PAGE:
Flooding: Welsh victims 'at risk of scams'
Vulnerable victims of flooding are at risk of being targeted by scammers and online misinformation, according to Citizens Advice.
The charity said it was concerned by a rise in the number of fake adverts appearing on social media.
It said the adverts claimed to help those affected in exchange for personal information, including bank details.
South Wales Police said it was making inquiries and warned people to be wary of cold callers.
It said they could be claiming to be from insurance companies or asking for donations on doorsteps.
Michelle Cartwright, from New Tredegar, Caerphilly county borough, said fake council workers took her cooker, washing machine and television.
She lost almost everything she owned when Storm Dennis swept through her flat, submerging it in over a foot of water.
"It's just devastating, I don't know what to do... it's lucky I wasn't here otherwise I'd have woke up in it," she said.
Speaking of the fake council workers, Ms Cartwright said: "They took the cooker, my washer-dryer - they even took my TV.
"I'm not the only one going through it, there's other people going through it.
"But when you're on your own and you haven't got much... I just feel sorry for the other vulnerable people out there," she said.
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Rob Hope works for Citizens Advice in Rhondda Cynon Taf, one of the areas worst affected by the floods.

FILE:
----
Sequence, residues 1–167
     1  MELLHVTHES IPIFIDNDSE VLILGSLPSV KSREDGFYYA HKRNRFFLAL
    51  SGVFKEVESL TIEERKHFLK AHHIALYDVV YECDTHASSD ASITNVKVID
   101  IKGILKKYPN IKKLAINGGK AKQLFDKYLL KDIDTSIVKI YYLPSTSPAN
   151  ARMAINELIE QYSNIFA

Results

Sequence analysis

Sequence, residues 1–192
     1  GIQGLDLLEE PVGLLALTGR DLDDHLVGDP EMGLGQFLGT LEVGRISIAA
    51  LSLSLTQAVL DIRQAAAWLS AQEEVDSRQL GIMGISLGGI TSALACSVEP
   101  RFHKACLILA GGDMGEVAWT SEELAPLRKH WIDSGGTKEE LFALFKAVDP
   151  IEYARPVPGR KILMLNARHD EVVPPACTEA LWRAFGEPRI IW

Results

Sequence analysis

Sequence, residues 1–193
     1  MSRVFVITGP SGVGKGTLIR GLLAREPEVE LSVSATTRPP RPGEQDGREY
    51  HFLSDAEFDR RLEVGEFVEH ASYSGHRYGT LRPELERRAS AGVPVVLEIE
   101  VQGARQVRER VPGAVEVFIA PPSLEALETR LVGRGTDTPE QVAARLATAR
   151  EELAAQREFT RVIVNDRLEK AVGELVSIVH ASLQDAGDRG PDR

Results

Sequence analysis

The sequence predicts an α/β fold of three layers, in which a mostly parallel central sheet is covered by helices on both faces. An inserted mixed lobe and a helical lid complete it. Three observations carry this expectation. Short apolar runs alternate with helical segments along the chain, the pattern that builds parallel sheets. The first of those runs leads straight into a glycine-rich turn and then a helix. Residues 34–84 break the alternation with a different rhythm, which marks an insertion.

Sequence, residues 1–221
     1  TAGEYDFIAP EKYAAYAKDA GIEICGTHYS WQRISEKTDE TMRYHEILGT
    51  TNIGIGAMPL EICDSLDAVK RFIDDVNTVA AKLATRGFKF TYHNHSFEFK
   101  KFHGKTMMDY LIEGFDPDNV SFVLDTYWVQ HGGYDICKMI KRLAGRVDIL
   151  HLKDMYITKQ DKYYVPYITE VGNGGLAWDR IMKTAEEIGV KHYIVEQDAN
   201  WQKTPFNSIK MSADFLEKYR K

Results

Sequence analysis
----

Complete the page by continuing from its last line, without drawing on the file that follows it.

"We would always say don't let anyone in unless they can prove who they are and they are from a genuine authority," he said.
"But unfortunately it would appear these things are happening."
"And for people that are already distressed enough, who are looking for support, the idea they're being exploited by someone for information that will enable them to gain a service or financial opportunity, when the reality is they will be scammed, is outrageous."
South Wales Police said it had been brought to its attention that "unsolicited calls, claiming to be from insurance agencies, may be operating across south Wales".
It said enquiries were ongoing and reminded the public to "be wary of phone calls or emails offering you insurance payouts or requesting your bank details out of the blue".
The force added: "If an offer seems too good to be true, it probably is. Always question it."
It said it was also aware of a donation scam to aid flood relief efforts and said "generous residents" should be cautious of people asking for money.
"To avoid falling victim to scammers, please always check identification - legitimate callers will be happy to wait outside your property while the company is called to verify ID," the force said.